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Voice: Is this really free trade?

July 28, 2001

I have recently read much regarding allowing Mexican trucks to use U.S. highways to carry trade goods from Mexico to Mexico's NAFTA trade partners, the U.S. and Canada. The U.S. Senate has voted affirmatively to require certain saftey requirements on 18-wheel trucks and other large transportation vehicles from Mexico that wish to use U.S. highways to deliver Mexican manufactured and agricultural products throughout the United States.

I personally think there should be such saftey requirements on all large transportaion vehicles, regardless of if they originate in Canada, the United States or Mexico.

I also understand that under NAFTA, U.S. trucks are not allowed in Mexico. Does this mean that U.S trucks will soon be able to use Mexican highways to deliver U.S. manufactured and agricultural products to markets in Mexico? Do Canadian trucks have the right to use U.S. highways, or are they also limited to that zone adjacent the border?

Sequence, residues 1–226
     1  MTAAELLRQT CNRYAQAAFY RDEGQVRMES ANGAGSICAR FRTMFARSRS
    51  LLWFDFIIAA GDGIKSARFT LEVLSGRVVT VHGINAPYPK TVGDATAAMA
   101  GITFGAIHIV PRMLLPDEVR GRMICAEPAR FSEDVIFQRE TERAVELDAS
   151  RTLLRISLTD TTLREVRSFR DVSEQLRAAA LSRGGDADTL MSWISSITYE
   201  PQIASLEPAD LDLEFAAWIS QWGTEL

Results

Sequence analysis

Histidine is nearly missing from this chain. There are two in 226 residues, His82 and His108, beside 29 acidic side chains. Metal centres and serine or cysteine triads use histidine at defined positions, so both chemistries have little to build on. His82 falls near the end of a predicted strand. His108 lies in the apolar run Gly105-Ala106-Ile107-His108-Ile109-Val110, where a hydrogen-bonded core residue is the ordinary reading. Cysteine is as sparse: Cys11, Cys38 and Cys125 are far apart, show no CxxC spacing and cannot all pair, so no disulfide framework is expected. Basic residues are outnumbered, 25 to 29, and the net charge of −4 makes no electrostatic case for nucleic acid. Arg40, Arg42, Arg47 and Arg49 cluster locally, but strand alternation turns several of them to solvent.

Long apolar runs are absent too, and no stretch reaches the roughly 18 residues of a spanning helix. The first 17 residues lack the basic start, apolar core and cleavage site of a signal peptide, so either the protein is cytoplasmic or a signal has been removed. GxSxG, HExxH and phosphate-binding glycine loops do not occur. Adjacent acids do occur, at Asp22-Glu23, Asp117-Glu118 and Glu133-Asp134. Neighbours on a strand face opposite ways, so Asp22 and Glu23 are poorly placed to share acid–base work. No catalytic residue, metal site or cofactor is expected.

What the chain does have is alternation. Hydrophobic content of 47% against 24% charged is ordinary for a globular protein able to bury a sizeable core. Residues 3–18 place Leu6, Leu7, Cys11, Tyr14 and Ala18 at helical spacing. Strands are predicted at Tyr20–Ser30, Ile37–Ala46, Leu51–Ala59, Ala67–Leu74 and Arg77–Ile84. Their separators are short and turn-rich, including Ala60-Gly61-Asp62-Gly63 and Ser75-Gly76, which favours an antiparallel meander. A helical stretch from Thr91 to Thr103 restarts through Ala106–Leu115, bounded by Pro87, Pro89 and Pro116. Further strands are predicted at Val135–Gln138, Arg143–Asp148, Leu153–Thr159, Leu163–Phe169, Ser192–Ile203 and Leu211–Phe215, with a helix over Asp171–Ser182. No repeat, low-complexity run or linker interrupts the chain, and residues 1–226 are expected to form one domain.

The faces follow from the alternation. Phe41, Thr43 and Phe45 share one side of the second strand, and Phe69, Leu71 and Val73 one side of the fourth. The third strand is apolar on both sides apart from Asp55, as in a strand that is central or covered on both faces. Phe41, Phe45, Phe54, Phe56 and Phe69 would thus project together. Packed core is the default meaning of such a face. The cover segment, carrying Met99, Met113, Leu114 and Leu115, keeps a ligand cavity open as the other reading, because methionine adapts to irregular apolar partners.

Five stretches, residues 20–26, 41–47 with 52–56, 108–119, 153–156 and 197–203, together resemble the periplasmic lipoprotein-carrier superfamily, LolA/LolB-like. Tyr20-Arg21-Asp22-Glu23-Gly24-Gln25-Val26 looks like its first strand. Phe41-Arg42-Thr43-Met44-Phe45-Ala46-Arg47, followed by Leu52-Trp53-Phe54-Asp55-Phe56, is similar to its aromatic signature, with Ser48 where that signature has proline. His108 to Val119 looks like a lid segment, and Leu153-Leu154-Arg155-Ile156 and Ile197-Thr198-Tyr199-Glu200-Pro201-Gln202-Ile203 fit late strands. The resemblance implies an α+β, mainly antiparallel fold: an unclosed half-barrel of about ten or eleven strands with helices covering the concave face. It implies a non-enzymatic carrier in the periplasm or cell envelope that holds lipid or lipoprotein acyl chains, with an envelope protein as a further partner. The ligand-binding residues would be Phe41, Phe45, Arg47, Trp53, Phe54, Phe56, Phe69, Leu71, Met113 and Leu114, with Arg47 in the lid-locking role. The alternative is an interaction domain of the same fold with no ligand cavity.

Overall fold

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Is it truely "free trade" when there are such transportation restrictions placed on the transportation of the manufactured and agricultural goods of Canada, the United States and Mexico?

Is NAFTA such a document that any one of the current three partners can choose to change any part of this agreement to satisify trade unions, political contributors, to pacify one of the trade partners or to appear "politically correct"? Just wondering.

D.K. EDWARDS

El Centro

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